5. I know when I was a brand new grad, I had to send out a lot of resumes to get any sort of response. Don't get discouraged. Just keep sending them out. And it seems like once you get one break, you'll get several. In one day, I had 4 people call me about applications I submitted. For me, it was very time consuming because each hospital system here has a different application. But once you submit to one posting, the system saves your resume. Another thing to do is to contact recruiters from each hospital you want to work with. They usually want a short interview and then when open positions come up, they will call you. I've had them call several times (for jobs I wasn't interested in, but I appreciated their follow-up). Finally, check with alumni postings at PA schools. In my area, there is an alumni section at one school that posts jobs for anyone to see (not just their grads). Good luck!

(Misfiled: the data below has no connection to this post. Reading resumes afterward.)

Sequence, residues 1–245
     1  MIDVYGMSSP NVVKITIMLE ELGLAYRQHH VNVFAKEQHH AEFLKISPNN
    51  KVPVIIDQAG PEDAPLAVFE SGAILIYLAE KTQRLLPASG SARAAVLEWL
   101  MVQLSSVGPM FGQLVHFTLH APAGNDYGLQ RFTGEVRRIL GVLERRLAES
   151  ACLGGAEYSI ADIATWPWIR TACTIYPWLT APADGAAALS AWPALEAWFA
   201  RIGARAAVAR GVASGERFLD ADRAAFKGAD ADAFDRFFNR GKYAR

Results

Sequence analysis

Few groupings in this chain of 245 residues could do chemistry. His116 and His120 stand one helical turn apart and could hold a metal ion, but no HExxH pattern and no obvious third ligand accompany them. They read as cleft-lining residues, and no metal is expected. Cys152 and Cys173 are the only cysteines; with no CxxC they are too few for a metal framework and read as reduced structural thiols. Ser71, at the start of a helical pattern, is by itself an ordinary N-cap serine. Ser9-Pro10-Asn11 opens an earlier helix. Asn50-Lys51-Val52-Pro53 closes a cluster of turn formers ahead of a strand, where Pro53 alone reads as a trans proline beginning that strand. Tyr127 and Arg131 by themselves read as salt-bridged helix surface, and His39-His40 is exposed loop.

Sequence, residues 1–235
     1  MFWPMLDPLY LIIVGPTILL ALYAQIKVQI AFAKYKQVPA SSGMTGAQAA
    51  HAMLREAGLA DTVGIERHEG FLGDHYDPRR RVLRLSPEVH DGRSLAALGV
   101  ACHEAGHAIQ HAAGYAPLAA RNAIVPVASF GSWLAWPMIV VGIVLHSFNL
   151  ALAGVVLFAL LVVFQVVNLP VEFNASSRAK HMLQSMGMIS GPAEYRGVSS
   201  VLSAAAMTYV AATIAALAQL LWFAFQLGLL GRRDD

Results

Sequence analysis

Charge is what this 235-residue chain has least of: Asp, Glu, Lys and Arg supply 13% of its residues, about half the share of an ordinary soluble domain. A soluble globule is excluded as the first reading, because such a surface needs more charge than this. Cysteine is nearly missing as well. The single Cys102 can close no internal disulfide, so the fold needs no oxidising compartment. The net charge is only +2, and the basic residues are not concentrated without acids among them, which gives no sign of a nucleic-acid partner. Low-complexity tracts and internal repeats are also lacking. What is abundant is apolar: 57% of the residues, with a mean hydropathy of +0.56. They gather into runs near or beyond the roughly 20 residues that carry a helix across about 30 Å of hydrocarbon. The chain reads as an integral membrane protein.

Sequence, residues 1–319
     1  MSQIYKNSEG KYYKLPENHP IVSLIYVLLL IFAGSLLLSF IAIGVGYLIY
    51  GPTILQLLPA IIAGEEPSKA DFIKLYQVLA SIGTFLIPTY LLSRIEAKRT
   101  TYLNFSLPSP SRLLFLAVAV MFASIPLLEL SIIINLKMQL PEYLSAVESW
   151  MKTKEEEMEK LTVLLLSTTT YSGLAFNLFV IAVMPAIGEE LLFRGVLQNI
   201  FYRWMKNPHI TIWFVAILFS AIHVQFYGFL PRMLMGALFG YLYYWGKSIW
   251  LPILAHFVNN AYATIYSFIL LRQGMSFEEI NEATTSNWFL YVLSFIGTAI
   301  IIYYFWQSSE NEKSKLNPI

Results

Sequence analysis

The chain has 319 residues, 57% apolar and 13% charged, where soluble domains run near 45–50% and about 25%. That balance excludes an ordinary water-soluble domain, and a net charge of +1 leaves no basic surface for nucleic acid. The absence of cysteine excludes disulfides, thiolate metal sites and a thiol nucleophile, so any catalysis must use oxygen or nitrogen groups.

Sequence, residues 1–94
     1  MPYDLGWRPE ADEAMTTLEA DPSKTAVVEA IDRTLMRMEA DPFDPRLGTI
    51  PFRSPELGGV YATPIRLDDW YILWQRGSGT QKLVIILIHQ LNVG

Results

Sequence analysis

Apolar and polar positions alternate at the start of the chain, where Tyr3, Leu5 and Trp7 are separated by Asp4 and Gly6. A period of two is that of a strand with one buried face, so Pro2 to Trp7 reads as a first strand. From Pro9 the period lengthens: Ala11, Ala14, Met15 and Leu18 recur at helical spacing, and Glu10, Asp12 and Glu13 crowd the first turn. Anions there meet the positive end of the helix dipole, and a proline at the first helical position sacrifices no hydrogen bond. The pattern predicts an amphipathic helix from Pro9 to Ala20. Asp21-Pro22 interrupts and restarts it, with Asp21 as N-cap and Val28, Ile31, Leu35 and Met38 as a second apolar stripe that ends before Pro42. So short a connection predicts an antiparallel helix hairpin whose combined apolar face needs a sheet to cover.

6. This is exactly it! A lot of the issue is the paperwork! The practice has not converted to EMR yet (coming in September) and the paper charts are ridiculous. I cannot find anything in them. I don't know how to bill/code. My SP is "teaching" me how he codes the exams, but I worry about it. Technically, he does everything "by the book" on paper to be able to bill as many 99214 as possible. Ethics seem questionable. But he knows how to CYA. I thought initially I was being used as the urgent care add-on, but then they started scheduling me my own patients. I didn't realize my SP didn't have my scheduled blocked off. Initially, I was supposed to see 1 patient per hour in June and then 2 per hour in July. Then it all went haywire and my schedule wasn't blocked. Today, the NP I work with said that her father (a FP doc) just hired a new grad PA who will receive 6-12 months of training. The NP said that her dad really liked this person and felt that she was worth the time and money to invest in her training. I think that's the best approach. I don't know why my SP thought the "sink or swim" approach would be preferred. As an aside, I felt mighty cool today when I was comfortable with a feeding tube issue and he wasn't. Working in thoracic, I dealt with them all the time. I told him what antibiotic to use and he claims he didn't hear me; he called a GI doc and the GI doc told him the same thing. ;) It felt good to actually know something more complex. When I think about it, my SP's only experience hiring a PA was one who was in his office as a student for 4 months (2 month FP rotation and 2 month preceptorship). So I don't think he had realistic expectations at all with me coming in fresh. He keeps saying, "You just come across as knowing so much, I guess I assumed you'd be ready to go." But I'm not and now I feel so dumb. I'll learn. Thanks for all the input everyone! It's much appreciated.